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  3. Not to turn this into a whole c-section debate but it just goes to show how well we know our own bodies and how well our bodies perform when left to our own devices!

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  4. Shelly, I just want to tell you I really enjoyed reading your birthing story. I usually don't read them all the way through, but yours was pretty funny. Good luck with your modeling and keep enjoying that view!

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  5. Love your story Shelly. It was interesting to hear things from your point of view. 🙂

  6. I cried. I gave birth almost 6 years ago to my daughter, and this fall is her first at school. It is hard and wonderful and terrible and.. thank you for posting this on offbeatmama, for recognizing that we are parents, too.

  7. thank you so much. My husband and I can't have children due to cancer and chemo and all that jazz. We aren't sure if we'll ever adopt children, but if we do – we'll be one of the most loving, nurturing families around… and we will owe it to someone like you. Making someone else's dreams come true, and providing the best life possible for a child are two of the most unselfish things I can imagine. Shame on anyone who said negative things to you.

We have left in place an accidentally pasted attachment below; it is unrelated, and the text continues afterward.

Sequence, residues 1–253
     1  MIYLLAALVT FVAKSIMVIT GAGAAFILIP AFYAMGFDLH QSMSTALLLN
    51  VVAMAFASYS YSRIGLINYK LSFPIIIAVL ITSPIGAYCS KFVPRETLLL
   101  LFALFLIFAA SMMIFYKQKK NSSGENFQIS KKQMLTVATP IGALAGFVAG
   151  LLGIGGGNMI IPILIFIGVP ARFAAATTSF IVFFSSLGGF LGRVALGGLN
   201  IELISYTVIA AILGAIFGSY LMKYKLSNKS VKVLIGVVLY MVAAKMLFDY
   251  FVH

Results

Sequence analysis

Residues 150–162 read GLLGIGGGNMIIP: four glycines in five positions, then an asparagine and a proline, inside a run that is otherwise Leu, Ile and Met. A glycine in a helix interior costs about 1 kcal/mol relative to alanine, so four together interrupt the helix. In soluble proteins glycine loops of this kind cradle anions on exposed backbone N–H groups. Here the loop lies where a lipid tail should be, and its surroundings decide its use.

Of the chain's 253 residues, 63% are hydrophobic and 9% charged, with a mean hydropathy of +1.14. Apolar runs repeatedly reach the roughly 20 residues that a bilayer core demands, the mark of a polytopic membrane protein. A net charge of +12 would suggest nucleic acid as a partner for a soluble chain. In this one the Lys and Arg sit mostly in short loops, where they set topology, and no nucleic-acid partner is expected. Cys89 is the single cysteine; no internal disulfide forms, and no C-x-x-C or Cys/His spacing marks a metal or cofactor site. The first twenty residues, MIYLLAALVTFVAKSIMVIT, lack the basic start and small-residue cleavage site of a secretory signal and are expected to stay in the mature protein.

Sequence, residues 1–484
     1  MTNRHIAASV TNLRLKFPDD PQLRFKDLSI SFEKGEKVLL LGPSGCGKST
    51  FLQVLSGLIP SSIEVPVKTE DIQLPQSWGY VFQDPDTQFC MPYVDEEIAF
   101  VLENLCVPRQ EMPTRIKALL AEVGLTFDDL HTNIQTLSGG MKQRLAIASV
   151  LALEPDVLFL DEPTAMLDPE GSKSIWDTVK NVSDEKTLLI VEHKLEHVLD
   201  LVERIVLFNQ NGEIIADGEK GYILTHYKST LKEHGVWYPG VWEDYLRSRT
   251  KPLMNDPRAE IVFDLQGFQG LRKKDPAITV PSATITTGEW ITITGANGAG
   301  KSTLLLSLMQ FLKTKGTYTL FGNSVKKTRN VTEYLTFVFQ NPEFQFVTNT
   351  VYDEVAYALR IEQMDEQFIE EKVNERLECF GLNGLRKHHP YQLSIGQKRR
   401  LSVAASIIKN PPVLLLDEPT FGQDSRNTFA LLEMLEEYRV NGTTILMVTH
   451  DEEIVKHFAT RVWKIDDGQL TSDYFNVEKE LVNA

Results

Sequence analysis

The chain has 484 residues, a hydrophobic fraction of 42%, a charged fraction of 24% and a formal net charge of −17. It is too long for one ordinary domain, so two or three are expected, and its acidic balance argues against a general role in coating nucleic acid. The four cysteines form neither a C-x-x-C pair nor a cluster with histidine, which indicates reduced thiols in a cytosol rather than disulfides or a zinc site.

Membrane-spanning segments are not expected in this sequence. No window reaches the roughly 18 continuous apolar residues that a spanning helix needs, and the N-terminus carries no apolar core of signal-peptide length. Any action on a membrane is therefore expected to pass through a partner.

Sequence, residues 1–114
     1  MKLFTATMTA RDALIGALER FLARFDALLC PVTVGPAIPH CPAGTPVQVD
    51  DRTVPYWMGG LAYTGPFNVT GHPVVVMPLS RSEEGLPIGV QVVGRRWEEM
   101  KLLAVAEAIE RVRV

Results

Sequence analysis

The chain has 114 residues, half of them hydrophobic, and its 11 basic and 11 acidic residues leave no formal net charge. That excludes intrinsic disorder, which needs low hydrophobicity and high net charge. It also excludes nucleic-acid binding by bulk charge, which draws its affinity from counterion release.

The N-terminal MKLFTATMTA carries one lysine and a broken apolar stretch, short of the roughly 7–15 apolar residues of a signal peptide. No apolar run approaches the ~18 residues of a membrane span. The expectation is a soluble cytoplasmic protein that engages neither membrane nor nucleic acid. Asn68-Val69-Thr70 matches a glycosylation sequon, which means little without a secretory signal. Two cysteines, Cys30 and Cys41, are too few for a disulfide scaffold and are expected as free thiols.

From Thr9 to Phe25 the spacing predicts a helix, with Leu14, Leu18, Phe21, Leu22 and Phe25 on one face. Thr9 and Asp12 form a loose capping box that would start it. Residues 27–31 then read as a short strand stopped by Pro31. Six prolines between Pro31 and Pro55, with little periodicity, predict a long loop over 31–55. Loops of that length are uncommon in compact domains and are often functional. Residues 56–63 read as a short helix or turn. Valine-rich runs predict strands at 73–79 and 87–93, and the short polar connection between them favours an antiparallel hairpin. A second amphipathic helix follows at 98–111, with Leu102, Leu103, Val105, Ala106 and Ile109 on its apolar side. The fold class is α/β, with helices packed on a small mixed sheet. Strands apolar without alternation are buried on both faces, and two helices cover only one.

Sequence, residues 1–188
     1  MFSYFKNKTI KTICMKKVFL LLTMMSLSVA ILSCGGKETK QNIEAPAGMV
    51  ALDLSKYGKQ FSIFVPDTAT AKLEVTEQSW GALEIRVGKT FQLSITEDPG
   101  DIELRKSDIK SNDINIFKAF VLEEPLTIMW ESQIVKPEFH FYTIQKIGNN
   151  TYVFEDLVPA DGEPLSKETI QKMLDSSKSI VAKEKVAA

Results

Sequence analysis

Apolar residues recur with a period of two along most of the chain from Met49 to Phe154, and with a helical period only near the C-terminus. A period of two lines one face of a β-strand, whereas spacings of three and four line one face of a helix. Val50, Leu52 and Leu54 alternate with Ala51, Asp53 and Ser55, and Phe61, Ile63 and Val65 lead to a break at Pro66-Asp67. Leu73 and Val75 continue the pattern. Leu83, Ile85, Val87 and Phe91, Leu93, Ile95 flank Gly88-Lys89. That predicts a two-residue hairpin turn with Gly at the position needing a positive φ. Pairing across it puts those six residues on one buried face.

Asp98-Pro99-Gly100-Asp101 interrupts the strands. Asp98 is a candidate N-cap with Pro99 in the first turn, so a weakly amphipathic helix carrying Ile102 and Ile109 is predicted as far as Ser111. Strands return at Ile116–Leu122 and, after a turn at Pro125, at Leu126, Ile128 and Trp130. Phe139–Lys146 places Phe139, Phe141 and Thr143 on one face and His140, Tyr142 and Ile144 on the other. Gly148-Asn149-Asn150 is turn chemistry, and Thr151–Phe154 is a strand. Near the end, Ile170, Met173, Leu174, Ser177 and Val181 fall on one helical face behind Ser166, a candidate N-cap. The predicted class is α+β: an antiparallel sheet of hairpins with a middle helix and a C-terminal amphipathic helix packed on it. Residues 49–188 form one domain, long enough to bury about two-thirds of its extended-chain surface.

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  8. Delighted and awed to hear a Republican who believes she has a right to determine what happens with her body!
    Nice story!!